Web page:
BOSTON, MA — The explosive cellular phone industry has far-reaching effects that go beyond placing or receiving a simple telephone call. The cell phone has become a one-stop source of information, which is vital to construction field workers.

Howard Lerner, regional director of Verizon Wireless, quoted some interesting statistics during his presentation at the recent MCAA Conference.

“There are currently 87 million wireless subscribers in the U.S.,” he said. “The Cellular Telephone Industry Association is predicting that the number will grow to 139 million by 2003.

“By 2005 we think that 25% of our network traffic will be wireless data and not voice. Data is going to be the driving factor for future buildup.”

Wireless trends

Lerner also believes that by 2002, shipments of cell phones and phones with Palm Pilot®-type attachments will exceed shipments of desktop computers.

He sees the convergence of the Internet and wireless technology as a big trend in the communications industry. Trans-actions from the field will continue to increase as technology makes it easier for users to send and receive data.

Lerner noted that B2B business exceeded $3 billion last year while “m-commerce” (that is, mobile commerce) reached $200 million.

“Mobile commerce allows you to buy products and services right in the palm of your hand,” he said. “You can now do a variety of services, such as trading shares of stock, directly from a hand-held phone.”

Lerner added that users can visit his company’s wireless portal ( and customize their own microbrowser “triggers,” including stock quotes, weather, sports updates, and the like.

“In the very near future, we will have high-speed wireless data applications through hand-held phones which can control common appliances in the home, set up the sprinkler system, or program the gas pump to fill your car,” added Lerner.

“For training purposes, you will be able to hook your phone into your PC, download training information, and everyone with a headset jack can plug in and listen to that information.”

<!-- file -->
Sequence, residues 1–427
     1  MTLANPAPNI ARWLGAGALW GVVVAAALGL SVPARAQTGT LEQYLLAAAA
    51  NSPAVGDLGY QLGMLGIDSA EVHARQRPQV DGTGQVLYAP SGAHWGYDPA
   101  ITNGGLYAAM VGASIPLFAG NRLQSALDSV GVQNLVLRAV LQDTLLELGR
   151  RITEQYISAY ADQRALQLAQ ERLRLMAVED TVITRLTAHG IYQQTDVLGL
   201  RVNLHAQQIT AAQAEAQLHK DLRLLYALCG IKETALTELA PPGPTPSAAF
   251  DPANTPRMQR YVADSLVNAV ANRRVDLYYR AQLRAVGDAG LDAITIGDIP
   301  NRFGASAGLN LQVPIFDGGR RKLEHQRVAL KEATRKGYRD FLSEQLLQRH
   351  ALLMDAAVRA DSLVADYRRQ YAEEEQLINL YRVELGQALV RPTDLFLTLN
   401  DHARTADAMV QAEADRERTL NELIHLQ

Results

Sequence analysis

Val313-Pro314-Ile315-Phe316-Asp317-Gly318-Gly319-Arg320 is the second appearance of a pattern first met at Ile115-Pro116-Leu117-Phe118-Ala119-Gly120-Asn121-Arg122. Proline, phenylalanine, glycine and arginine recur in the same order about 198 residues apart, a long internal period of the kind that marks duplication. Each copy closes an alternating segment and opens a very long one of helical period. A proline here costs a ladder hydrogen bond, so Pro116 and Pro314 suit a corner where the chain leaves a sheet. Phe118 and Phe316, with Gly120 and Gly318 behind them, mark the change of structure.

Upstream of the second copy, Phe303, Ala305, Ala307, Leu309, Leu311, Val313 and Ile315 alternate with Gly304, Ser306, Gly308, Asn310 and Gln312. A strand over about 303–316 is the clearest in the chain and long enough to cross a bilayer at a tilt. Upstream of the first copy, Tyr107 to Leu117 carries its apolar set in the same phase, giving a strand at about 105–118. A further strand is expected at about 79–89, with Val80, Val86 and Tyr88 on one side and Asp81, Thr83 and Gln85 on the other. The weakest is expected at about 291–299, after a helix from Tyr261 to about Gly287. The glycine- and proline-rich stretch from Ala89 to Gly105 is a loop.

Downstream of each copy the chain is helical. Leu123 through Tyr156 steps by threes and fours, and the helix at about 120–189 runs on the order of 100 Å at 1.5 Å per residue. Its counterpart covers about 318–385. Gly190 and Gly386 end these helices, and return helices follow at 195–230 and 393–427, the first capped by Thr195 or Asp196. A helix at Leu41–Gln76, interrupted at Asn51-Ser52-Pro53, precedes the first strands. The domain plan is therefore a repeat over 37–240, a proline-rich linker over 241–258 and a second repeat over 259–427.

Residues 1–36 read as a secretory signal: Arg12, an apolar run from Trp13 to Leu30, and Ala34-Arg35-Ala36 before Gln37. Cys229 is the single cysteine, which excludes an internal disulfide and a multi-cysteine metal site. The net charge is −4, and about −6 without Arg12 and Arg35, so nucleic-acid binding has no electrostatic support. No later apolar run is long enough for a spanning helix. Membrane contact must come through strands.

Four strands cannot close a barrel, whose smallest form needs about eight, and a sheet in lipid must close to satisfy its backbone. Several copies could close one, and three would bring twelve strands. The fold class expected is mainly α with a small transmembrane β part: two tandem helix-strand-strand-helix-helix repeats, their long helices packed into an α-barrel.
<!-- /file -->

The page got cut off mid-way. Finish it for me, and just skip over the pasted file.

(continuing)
The electronic jobsite

“With the emergence of remote access, you can take care of your own business while traveling — instead of asking someone else to take care of your work,” said Tommy Thompson of UnitedSolutions, Inc., provider of Timberline software.

“We are talking about connectivity — the ability to get the job done faster. Theoretically, it will make us more money.”

While the traditional role of e-mail has been to receive and transmit messages, it is now very common to transmit documents by attaching them to an e-mail message — called “e-documentation.”

Thompson talked about the features of mobile computing and how each can give contractors a distinct advantage over their competition. Mobile computing can allow contractors to:

  • Control workflow and materials. “Doing something with information by the middle of the day so it can be transmitted back by 4:00 that day, instead of 4:00 the next day.”

  • Update and receive job information. “Looking at job costs for the next day or crew schedules; e.g., if you have a short crew you will be able to update job costs and profitability on the spot.”

  • Order equipment via the Internet.

  • Stay in contact with the home office.

  • Deploy work crews. “Having the ability to put people on the street and keep track of where they are using global positioning.”

  • Complete reports for daily billing.

Thompson added that project managers overwhelmingly ask one question: “How do you get all of this information on one screen?”

He said that software developers are continually working on ways to bring information into single-view or multiple-view formats that make sense to project managers.

Thompson wrapped up his discussion by saying, “The goal of remote jobsite computing is to move the walls out of the office — turn the jobsite into an extension of your main office.”

Lerner can be reached at and Thompson can be reached at